Questions surround how a small, impoverished South Texas border school district paid for a $20 million “sports and learning” complex that houses a 90,000 square foot water park.
In April, the La Joya Independent School District opened a one-of-a-kind 215-acre attraction that contains the state’s only public school-owned water park–a 6,124 square foot, full-dome planetarium, a 27-hole golf course, 30,000 square foot tennis courts, and 21,993 square foot natatorium.
La Joya is located in Hidalgo County about 18 miles west of McAllen. In 2016, the city’s estimated population was 4,293. Last year, La Joya ISD enrolled 28,788 students, according to the Texas Education Agency (TEA). Online, the district highlighted that Hispanic students accounted for more than 99 percent of their enrollment. The school district serves students from across the Rio Grande Valley (RGV).
Houston’s KTRK reported on La Joya ISD’s water park suggesting Houston ISD taxpayers “paid for it” through the state aid like the “recapture” program. More commonly known as “Robin Hood,” recapture is a funding mechanism that requires school districts deemed “property wealthy” transfer tax dollars to Austin to help “property poor” districts. According to KTRK, state aid accounted for around 75 percent of La Joya ISD’s funding while local tax made up most of the remaining balance. The TV news outlet indicated school district officials refused to comment for their story.
On Monday, Breitbart Texas reached out to La Joya ISD to see if it would address where the funds came from to cover the $20 million complex. The district responded Wednesday with a lengthy press release. In it, district officials said they “saved funds for nearly 15 years,” worked hard to “minimize inefficiencies in their budget,” and exercised “fiscal responsibility” to pay for the complex. The district said it “regularly receives the highest possible score regarding its financial practices” from the TEA.
Much of the response explained La Joya ISD’s rationale for building the complex. “Nearly two-thirds of our families live below the poverty line, over 90 percent of our students are classified as economically disadvantaged, and a large majority of our high school students begin working before graduating high school to help their families make ends meet,” said the press release. It noted there are no YMCAs or official Boys and Girls Clubs for students, local summer activity programs are limited to the resources of the small towns within the school district’s boundaries, and the nearest library is 35 miles away.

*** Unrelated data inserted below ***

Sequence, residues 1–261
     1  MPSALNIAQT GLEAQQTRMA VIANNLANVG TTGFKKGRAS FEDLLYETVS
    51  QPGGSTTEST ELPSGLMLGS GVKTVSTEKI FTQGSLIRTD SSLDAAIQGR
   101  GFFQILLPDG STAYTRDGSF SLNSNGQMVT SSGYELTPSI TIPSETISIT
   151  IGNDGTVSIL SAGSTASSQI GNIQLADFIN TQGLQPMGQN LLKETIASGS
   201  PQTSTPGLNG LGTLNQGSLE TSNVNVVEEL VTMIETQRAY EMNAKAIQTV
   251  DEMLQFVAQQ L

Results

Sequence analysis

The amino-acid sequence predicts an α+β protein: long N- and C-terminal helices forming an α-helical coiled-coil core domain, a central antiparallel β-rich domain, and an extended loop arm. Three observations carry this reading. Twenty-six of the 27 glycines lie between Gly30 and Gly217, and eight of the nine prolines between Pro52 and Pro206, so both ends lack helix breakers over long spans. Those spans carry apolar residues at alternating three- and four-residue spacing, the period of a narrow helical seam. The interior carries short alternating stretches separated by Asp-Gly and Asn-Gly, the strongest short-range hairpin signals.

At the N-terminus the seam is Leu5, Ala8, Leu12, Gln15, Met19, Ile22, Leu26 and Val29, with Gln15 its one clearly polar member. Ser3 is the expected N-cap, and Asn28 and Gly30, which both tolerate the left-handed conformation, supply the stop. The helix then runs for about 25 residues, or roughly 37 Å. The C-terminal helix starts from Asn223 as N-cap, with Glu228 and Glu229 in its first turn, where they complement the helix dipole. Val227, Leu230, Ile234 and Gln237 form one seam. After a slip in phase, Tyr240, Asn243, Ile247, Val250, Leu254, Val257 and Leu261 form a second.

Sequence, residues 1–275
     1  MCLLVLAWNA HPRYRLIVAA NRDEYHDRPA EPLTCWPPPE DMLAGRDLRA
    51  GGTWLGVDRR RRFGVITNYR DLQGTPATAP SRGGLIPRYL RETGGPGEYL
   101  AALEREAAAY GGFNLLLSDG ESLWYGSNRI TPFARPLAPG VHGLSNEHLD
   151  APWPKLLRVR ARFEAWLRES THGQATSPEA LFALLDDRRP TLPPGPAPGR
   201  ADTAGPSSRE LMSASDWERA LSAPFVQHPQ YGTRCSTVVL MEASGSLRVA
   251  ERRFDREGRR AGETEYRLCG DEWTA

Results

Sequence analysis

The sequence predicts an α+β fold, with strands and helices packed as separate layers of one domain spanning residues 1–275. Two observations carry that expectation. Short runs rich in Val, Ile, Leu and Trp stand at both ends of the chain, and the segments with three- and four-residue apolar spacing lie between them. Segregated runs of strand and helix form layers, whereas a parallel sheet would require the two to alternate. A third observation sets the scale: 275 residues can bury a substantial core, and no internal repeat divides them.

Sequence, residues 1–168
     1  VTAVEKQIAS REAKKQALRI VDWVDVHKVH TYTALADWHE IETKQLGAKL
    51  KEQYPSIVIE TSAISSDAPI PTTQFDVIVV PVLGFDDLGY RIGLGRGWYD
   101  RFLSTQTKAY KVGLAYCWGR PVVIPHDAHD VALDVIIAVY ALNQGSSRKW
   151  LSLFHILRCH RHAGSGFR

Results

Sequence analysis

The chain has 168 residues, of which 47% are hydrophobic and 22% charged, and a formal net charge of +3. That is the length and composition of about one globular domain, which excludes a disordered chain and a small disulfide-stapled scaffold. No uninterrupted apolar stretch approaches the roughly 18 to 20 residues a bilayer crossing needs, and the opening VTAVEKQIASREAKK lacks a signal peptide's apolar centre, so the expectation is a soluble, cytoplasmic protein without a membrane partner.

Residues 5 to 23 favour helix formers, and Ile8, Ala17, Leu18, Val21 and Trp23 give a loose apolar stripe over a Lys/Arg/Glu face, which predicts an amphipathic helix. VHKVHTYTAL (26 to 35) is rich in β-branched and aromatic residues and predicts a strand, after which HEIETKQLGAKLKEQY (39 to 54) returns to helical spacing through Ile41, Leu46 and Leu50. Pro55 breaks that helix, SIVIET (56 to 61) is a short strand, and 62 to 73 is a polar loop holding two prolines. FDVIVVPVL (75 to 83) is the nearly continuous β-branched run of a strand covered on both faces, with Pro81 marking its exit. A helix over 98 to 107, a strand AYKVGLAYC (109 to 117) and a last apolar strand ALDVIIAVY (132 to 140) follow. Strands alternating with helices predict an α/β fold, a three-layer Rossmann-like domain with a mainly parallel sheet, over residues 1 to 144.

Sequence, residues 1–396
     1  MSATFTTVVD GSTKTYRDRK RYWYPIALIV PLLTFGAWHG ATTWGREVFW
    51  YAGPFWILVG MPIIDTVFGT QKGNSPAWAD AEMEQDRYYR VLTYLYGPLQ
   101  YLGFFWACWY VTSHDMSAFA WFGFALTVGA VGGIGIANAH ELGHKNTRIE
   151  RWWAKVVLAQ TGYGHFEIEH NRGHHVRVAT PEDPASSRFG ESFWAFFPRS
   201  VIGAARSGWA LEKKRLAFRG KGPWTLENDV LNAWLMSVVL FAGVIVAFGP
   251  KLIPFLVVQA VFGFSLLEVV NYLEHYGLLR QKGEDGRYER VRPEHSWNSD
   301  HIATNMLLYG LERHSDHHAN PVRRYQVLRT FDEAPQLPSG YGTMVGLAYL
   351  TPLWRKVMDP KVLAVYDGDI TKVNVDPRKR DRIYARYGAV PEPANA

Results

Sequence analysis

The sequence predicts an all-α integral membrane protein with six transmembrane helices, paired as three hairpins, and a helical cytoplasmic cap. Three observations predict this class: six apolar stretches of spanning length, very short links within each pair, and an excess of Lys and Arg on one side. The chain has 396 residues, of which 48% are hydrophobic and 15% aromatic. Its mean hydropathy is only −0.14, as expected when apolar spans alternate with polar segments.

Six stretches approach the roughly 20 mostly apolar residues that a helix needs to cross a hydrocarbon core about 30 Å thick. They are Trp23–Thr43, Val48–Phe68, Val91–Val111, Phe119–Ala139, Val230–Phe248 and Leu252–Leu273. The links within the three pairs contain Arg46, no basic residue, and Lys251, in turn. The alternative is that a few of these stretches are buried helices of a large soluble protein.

“Where our students live, some streets aren’t paved, some don’t have street lighting, and some don’t even have a sewer service,” stated district officials. They explained they sought “innovative and forward thinking projects” to overcome the challenges their students face. “To live up to this obligation,” stated the press release, La Joya ISD looked at ways of being “efficient with taxpayer money.”
They explained that having tennis courts will “expand available athletic opportunities to students,” a natatorium means they no longer will have to pay pool leases and bus students across the RGV for swim practice. The 21st Century homework center, large enough to service their student body, was created as a “safe place” for after school studies. However, La Joya ISD administrators seemed perplexed by the media attention the water park received.
In response to how they paid for the complex, a La Joya ISD spokeswoman told Breitbart Texas by email, “This facility was paid out of the district’s general fund.”
The general fund is a school district’s main education fund. The Foundation School Program (FSP) is the primary source of state dollars pumped into public school districts and charter schools, according to the TEA. The FSP ensures all school districts receive “substantially equal access to similar revenue per student at similar tax effort.”
State funding also comes from “recapture,” franchise taxes, vehicle and tobacco sales, Texas lottery proceeds, and the Texas Permanent School Fund (PSF). The state’s oil and gas industry boosts the PSF portfolio. This fund distributes money for instructional materials, technology, and day-to-day operating expenses. In 2017, Breitbart Texas reported the PSF was the nation’s largest educational endowment. It hit a record high value of more than $41 billion. Of that amount, the State Board of Education (SBOE) managed $32.73 billion which the TEA administered. The General Land Office (GLO) oversaw the dollars through the School Land Board.
Additionally, school districts also fund public education through local homeowner property taxes. The federal government bolsters school budgets through more tax dollars.
Last year, when the TEA revamped its rating system to A-F grades for school districts, La Joya ISD received a D in two of the four domains–student achievement and student progress. They got a B in closing performance gaps, and a C in postsecondary readiness. In August 2018, the district improved to an overall B average, a C in student achievement, a B in school progress, and a B in closing gaps.
According to the La Joya ISD website, they were only district in the RGV to secure a four-year federal 21st Century Community Learning Centers Grant worth $1.5 million annually. They plan to distribute the monies among 10 campuses to provide more than 2,000 students with after-school programs that are a “mix of extracurricular and academic clubs such as mariachi, theatre, and robotics” among others. They will also offer tutoring in reading, math, science, and social studies.
KGBT reported La Joya ISD has the highest paid teachers in the valley, according to the Texas Association of School Boards (TASB).
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